Equations                             Top of Page
The calculations on this page are for orifices carrying a gas as described in ISO (1991 and 1998).

Discharge Coefficient (ISO, 1998)

Corner Pressure Taps:  L1 = L'2 = 0
D and D/2 Pressure Taps:  L1 = 1  and  L'2 = 0.47
Flange Pressure Taps:  L1 = L'2 = 0.0254/D  where D is in meters

Variables                             Top of Page
Dimensions: F=Force, L=Length, M=Mass, T=Time, t=temperature

Validity and Discussion                             Top of Page
Discharge Coefficient:
For all types of pressure taps:  d ≥ 1.25 cm,  5 cm ≤ D ≤ 1 m,  0.1 ≤ d/D ≤ 0.75

For Corner Pressure Taps or D and D/2 Pressure Taps:
ReD ≥ 4000  for  0.1 ≤ d/D ≤ 0.5   and  ReD ≥ 16,000(d/D )2  for  d/D>0.5

For Flange Pressure Taps:  ReD ≥ 4000  and  ReD ≥ 170,000 D (d/D )2  where D is in meters

The calculation does not provide results if these values are out of range.

Expansibility:
The equation shown above for expansibility, e, is valid for P2/P1 ≥ 0.75.  Our calculation gives a warning message if  P2/P1 < 0.75, but still computes answers.

Built-in Properties for Certain Gases:
To provide ease of use, our calculation has properties of some gases built-in to the calculation. The user can select Air, Carbon dioxide, Hydrogen, Methane (natural gas), Nitrogen, or Oxygen. The density is automatically computed using the ideal gas law based on the upstream pressure and temperature entered. The dynamic viscosity is a function of temperature and uses the methodology shown on our Gas Viscosity page. The isentropic exponent, K, is based on the specific heat ratio. For methane, the dynamic viscosity value shown in the calculation is valid for 0 oF < T < 1000 oF. If T<0 oF, then the viscosity value shown and used in the computation is the viscosity at 0 oF. If T>1000 oF, then the viscosity value shown and used in the computation is the viscosity at 1000 oF (0 oF is -17.8 oC and 1000 oF is 537.8 oC). For all other gases shown in the drop-down menu, there is no temperature limitation on the validity of the viscosity. Dynamic viscosity is essentially independent of pressure.

If you know that your density, viscosity, or isentropic exponent is significantly different than the value shown in the calculation, then you can select "User enters P1, density, viscosity, K" and enter these values manually. Also, if the gas is not listed in our drop-down menu, then you can select "User enters P1, density, viscosity, K" and enter these values manually. K must be > 1. Additionally, values for K can be found in Weast (1985, p. F-11), Perry and Green (1984, p. 3-144), and other sources.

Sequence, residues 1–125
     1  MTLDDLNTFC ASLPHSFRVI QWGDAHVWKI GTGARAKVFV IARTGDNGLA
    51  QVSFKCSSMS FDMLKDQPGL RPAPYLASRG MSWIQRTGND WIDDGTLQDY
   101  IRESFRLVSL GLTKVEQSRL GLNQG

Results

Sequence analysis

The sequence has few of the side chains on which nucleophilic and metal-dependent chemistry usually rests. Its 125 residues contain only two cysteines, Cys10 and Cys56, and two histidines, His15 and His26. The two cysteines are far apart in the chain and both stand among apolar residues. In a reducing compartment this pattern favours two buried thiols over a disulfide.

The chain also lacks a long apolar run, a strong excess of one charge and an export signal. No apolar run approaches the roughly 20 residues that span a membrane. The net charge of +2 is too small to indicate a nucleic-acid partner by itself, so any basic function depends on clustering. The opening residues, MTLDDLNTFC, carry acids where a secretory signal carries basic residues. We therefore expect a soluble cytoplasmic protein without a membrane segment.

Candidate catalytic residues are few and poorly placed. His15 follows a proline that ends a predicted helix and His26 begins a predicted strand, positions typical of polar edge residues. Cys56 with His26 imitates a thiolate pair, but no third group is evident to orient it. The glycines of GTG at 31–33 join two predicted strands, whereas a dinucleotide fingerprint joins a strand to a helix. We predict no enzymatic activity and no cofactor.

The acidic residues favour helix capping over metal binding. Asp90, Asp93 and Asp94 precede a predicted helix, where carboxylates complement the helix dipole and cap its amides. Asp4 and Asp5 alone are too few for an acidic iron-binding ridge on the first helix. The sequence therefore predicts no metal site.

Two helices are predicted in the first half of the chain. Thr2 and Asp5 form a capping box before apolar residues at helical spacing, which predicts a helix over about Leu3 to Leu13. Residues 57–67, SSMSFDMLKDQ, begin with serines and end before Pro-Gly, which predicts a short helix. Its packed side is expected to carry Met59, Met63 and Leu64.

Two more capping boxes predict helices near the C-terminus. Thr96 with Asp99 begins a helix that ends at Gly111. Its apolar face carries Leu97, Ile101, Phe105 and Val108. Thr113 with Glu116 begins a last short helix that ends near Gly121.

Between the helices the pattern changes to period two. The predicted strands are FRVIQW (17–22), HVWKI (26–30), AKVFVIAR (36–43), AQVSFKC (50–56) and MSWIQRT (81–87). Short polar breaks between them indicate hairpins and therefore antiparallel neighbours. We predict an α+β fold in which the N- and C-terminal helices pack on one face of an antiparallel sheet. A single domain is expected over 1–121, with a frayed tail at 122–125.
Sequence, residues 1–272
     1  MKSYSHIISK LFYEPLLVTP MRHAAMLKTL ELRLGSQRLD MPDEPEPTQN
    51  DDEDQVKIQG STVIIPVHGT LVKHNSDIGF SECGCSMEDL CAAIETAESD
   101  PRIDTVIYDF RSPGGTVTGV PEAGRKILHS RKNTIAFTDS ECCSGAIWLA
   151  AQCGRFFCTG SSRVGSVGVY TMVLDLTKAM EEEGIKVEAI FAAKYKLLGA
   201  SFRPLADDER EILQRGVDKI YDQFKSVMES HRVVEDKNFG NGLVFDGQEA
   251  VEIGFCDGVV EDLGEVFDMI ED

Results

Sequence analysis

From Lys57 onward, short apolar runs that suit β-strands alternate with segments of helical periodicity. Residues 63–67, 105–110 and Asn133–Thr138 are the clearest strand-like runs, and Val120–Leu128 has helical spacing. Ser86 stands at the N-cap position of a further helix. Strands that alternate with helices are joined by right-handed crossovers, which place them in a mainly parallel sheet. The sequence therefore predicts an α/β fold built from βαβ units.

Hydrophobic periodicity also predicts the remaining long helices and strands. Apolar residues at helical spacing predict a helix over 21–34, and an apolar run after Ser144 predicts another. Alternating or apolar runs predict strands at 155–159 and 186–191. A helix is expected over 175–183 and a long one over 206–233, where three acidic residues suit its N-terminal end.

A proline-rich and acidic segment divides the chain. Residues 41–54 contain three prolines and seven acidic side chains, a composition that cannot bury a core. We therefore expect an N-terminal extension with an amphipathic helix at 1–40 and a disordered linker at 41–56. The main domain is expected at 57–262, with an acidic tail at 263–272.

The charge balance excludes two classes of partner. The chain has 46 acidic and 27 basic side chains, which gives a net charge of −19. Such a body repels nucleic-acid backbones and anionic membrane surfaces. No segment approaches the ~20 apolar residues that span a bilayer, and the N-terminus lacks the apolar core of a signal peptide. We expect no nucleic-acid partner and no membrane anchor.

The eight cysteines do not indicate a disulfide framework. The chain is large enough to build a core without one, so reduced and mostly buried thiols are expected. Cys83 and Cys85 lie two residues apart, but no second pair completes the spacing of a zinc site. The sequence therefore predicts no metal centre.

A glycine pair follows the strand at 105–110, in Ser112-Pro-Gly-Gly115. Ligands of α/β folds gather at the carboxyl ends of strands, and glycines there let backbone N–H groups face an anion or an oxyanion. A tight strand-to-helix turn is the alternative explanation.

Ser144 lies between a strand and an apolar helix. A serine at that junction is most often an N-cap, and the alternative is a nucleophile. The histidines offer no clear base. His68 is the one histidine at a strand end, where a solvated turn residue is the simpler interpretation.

Note that our calculation prior to February 2003 included helium as a gas in the drop-down gas menu, and the viscosities for the gases were set at 20 oC. Now, the viscosity variation with temperature is included, but helium was removed because it doesn't have a simple viscosity relationship with temperature.

ISO Pipe Roughness Recommendation:
ISO recommends that in general  k/D ≤ 3.8x10-4   for Corner Taps and  k/D ≤ 10-3 for Flange or D and D/2 pressure taps.  k is the pipe roughness. Our calculation does not check this.

Pressure Loss:
w is the static pressure loss occurring from a distance of approximately D upstream of the orifice to a distance of approximately 6D downstream of the orifice. It is not the same as differential pressure. Differential pressure is measured at the exact locations specified in ISO (1991) (shown in the above figures).

Minor Loss Coefficient:
Km is computed to allow you to design pipe systems with orifices and incorporate their head loss. Head loss is computed as h=KmV2pipe/2g.

Standard Volumetric Flow Rate:
Standard volumetric flow rate, Qs, is the volumetric flow rate computed at standard pressure and temperature, Pstd and Tstd (shown above in variables). Actual flow rate, Qa, is computed at the gas's actual pressure and temperature. Qs is useful to users who need to compute (or input) standard flow rate; often pump curves and flow measurement devices provide standard, rather than actual, flow rate. The advantage of using standard flow instead of actual flow is that the same device (or pump curve) can be used for a gas at various temperatures and pressures without re-calibrating for an infinite range of actual pressures and temperatures. The user can easily convert standard to actual flow rate if the actual temperature and pressure of the gas are known; our calculation does this automatically.